an extract from the 1907 F. Barker & Son Catalogue

This useful instrument, made in many forms, is used for some purpose or other in all parts of the world on land and sea.  At what time it was first invented is difficult to say.  The earliest references to the use of the compass are to be found in Chinese history, 2634 B. C.  Compasses of that period were nothing like the instruments of scientific construction made to-day.  Even in the sixteenth century the mariner's compass must have been very crude, for we read in Barlowe's "Navigator's Supply", published in 1597, "that in steade of our compas, they use a magneticall needle of sixe ynches long, and longer, upon a pinne in a dish of white china earth filled with water, in the bottome whereof they have two crosse lines, for the foure principall windes; the rest of the divisions being reserved to the skill of their Pilots".

The improvement of the compass has been but a slow process.  In a treatise entitled "Magnetical Advertisements", published in 1616, the compass needle is described as "being the most admirable and usefull instrument of the whole world, is both amongst ours and other nations for the most part, so bungerly and absurdly contrived, as nothing more".  In 1820 Professor Barlow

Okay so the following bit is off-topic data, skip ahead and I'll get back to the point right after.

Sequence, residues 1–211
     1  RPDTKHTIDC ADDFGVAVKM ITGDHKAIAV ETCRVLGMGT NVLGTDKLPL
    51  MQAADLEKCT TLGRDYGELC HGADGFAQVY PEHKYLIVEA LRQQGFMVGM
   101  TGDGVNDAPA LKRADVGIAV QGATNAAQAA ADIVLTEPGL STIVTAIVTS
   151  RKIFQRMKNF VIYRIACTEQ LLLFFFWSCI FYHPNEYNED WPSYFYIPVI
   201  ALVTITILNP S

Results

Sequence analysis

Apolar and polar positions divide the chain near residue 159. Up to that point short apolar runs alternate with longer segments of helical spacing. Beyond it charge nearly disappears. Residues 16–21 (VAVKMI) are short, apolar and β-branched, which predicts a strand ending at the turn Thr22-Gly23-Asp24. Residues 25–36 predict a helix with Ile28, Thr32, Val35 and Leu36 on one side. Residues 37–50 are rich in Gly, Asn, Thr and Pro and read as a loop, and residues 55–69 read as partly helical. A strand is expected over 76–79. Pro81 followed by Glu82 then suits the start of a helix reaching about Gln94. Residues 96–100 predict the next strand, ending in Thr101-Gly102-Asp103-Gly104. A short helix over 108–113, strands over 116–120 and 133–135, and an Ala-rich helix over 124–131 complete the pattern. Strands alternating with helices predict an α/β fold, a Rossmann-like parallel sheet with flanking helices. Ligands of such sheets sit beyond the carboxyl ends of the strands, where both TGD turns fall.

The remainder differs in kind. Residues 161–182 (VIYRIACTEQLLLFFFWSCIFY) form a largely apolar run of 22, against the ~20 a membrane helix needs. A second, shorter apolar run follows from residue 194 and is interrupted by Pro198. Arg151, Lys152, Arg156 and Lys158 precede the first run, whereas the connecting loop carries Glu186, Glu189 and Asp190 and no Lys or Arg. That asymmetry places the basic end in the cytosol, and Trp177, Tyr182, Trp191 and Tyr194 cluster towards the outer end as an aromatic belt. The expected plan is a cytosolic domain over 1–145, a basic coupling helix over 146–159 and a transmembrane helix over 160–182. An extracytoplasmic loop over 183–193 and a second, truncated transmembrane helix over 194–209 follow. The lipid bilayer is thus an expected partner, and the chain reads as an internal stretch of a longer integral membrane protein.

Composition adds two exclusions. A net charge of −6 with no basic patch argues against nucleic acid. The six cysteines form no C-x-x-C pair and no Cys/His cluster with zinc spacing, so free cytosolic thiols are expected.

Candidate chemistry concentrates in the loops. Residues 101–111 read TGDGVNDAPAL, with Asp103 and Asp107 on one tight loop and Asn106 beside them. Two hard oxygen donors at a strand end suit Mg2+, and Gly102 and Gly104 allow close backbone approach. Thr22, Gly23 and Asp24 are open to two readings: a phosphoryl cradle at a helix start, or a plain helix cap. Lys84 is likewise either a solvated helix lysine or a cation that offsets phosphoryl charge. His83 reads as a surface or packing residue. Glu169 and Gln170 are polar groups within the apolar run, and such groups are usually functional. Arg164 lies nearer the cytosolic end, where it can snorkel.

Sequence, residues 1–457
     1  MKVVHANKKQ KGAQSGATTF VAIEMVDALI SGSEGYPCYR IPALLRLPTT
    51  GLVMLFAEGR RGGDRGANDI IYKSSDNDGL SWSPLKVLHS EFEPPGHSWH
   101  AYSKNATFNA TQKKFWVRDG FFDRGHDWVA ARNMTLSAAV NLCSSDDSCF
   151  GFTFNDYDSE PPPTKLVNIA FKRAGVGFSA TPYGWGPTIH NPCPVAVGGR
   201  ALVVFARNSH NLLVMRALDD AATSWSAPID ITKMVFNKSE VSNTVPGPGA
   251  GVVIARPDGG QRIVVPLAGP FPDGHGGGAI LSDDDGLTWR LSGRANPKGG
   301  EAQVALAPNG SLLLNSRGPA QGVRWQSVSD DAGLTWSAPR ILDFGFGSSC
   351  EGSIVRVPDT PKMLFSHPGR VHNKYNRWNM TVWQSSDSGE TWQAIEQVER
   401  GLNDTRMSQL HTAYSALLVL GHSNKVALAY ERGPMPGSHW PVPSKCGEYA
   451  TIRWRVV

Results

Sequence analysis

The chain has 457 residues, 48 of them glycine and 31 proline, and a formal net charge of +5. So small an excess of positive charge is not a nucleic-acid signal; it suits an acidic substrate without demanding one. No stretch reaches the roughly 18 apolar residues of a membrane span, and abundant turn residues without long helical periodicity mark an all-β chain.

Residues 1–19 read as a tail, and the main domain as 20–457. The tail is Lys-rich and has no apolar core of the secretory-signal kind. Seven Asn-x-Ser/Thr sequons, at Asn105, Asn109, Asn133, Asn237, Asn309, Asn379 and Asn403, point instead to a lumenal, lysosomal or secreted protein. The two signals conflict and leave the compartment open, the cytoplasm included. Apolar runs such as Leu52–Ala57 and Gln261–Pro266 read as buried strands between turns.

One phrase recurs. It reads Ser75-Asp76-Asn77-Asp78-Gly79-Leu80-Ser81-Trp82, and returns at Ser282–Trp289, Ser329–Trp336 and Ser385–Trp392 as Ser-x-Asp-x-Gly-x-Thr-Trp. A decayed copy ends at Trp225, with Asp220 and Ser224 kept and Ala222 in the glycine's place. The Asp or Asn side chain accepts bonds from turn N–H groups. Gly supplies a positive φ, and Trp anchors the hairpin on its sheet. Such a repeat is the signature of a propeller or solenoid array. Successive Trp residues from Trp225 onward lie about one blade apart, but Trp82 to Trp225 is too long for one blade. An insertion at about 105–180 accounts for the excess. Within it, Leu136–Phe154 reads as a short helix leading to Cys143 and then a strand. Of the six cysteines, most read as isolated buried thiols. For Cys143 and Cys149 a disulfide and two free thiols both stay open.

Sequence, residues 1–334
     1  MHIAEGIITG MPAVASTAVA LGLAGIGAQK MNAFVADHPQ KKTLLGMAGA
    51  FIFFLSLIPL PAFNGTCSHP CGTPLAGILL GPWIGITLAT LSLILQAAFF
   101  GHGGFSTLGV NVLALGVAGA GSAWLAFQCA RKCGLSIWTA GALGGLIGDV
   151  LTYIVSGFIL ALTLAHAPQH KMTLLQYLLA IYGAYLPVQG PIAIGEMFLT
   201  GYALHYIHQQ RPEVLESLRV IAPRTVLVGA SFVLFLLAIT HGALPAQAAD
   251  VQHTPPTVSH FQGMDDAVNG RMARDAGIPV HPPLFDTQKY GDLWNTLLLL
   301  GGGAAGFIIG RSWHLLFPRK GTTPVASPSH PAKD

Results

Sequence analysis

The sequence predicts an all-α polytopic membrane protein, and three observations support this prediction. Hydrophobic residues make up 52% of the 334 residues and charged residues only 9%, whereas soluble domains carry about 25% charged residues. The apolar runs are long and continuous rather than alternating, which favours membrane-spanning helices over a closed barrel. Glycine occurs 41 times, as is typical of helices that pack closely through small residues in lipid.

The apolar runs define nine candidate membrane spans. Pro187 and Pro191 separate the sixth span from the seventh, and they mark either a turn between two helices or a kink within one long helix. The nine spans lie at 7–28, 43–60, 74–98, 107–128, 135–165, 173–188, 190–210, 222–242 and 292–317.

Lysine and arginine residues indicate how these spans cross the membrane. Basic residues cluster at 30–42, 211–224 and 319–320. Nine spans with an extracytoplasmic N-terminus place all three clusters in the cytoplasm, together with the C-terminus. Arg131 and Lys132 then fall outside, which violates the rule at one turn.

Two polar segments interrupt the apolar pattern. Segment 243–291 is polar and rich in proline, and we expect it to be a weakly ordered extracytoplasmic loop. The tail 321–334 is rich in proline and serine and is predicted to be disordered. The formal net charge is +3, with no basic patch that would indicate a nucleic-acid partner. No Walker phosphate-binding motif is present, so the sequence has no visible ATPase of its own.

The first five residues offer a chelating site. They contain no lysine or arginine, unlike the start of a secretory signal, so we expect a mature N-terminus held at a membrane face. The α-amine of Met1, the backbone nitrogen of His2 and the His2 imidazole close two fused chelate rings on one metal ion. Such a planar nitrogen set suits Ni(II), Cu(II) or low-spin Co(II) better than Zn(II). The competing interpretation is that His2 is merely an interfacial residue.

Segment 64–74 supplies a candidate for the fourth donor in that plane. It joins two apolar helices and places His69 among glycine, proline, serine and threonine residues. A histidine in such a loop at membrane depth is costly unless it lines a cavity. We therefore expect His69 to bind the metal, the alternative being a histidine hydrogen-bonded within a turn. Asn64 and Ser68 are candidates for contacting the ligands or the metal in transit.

reported to the Admiralty "that half the compasses in the Royal Navy were mere lumber, and ought to be destroyed".  Since then the compass has been greatly perfected, not only for nautical purposes, but for using on land for surveying and other purposes.

The simpler kinds, such as those used by the tourist, cyclist and others, consist of seven parts:  A. the box;  B. the dial;  C. the magnetized steel needle;  D. the cap;  E. the pivot;  F. the glass cover;  G. the spring-ring bezel.

THE BOX. - Usually of circular form and made of metal.

THE DIAL. - Divided on the circumference according to two methods.

1.  The circumference divided into 32 equal parts, called, "points of the compass", or "cardinal" points; each point containing 11.25 degrees.

2.  The circumference divided into 360 equal parts called degrees, and figured from 10 to 360, having 90 at the East, 180 at the South, and so on.

THE NEEDLE. - A piece of magnetized steel of special manufacture, which is made in various shapes, having in the centre a brass cap which in the best compasses contains a jewel stone fixed in its centre.  The needle is balanced by the cap on a steel pivot and allowed to revolve freely in the horizontal plane.  The North end is made conspicuous by stamping the letter N or other mark on its top surface.